Like I said before, I started reading this book because of my enjoyment of Jane Eyre. As I read it though, something occurred to me. Is it really fair that an author can piggyback on someone else's work...and especially for their debut novel. I realize that writing a novel isn't easy, but I would imagine that having the entire plot handed to you and only needing to update a few key points makes it significantly easier. While the idea is good in theory, I can't help but feel that retelling someone else's book is just short of cheating.
Alright. Enough about what I didn't like. On to what I did like.
I found myself able to relate to Jane a lot easier than I did, while reading Jane Eyre. I think putting her in the modern world and placing her in situations more familiar to myself, I could see more of myself in her. I found myself feeling that I was/am Jane. I really liked that.
I also found the love story between Jane and Rathburn to be easier to relate to, for pretty much the same reasons. I can't understand the world Jane Eyre occurs in, but the setting of Jane I could completely get. It made the love story all the more enchanting.
Bottom line...read it, I guess? If you like Jane Eyre, I think you might enjoy seeing how Lindner put a new spin on it. If you haven't read Jane Eyre, I think this book could hook you enough to get you to read the original piece.
Thursday, June 9, 2011
Indiana, 1818. Moonlight falls through the dense woods that surround a one-room cabin, where a nine-year-old Abraham Lincoln kneels at his suffering mother's bedside. She's been stricken with something the old-timers call "Milk Sickness."
"My baby boy..." she whispers before dying.
Only later will the grieving Abe learn that his mother's fatal affliction was actually the work of a vampire.
When the truth becomes known to young Lincoln, he writes in his journal, "henceforth my life shall be one of rigorous study and devotion. I shall become a master of mind and body. And this mastery shall have but one purpose..." Gifted with his legendary height, strength, and skill with an ax, Abe sets out on a path of vengeance that will lead him all the way to the White House.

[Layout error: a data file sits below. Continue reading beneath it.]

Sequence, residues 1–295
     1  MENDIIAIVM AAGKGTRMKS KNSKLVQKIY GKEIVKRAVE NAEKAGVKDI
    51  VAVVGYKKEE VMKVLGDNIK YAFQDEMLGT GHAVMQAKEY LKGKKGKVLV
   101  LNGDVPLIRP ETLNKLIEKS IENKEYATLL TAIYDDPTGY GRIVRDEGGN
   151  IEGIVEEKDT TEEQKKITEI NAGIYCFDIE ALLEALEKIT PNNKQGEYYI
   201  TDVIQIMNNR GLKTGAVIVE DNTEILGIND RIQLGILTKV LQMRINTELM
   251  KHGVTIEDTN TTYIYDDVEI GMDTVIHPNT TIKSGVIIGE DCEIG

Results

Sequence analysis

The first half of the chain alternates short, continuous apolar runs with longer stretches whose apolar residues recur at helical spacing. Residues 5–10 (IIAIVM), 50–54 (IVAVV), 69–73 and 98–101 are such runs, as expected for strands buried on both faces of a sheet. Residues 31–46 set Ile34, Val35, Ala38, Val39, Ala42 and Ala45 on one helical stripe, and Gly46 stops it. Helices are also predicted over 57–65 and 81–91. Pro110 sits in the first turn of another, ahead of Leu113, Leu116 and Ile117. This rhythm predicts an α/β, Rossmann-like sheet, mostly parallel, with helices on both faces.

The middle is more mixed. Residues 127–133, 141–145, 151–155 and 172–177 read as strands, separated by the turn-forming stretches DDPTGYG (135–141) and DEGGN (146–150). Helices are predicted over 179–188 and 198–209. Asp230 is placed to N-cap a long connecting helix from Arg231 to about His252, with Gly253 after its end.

While Abraham Lincoln is widely lauded for saving a Union and freeing millions of slaves, his valiant fight against the forces of the undead has remained in the shadows for hundreds of years. That is, until Seth Grahame-Smith stumbled upon The Secret Journal of Abraham Lincoln, and became the first living person to lay eyes on it in more than 140 years.
Using the journal as his guide and writing in the grand biographical style of Doris Kearns Goodwin and David McCullough, Seth has reconstructed the true life story of our greatest president for the first time-all while revealing the hidden history behind the Civil War and uncovering the role vampires played in the birth, growth, and near-death of our nation.
This was a really good book. I enjoyed it so much. I'll admit that I went into it with a completely false idea of what it was going to be like and, while it didn't live up to those expectations, it more than made-up for it in being what it actually was. I was expecting a comical book. Abraham Lincoln fighting vampires? How could it not be funny. What it actually turned out to be was a "true" re-telling of his life as a vampire hunter. True, it was humorous in a tongue-in-cheek, deadpan sort of way, but it wasn't laugh-out-loud funny like I was expecting.
In recent years, there has been a sudden surge in the "Found Material" genre of movies, i.e. The Blair Witch Project, Paranormal Activity, etc. I'm a huge fan of those types of movies and it was very interesting to read a book that falls into the same genre. The book is presented as both a novel and a work of fiction, in a way. You're presented with facts about Lincoln's life with fictional accounts of his time hunting vampires woven in. I loved that. Having concrete facts (AND PICTURES!!) within this work of fiction almost made me read this as something one might find in the Biography section of any book store. Amazing.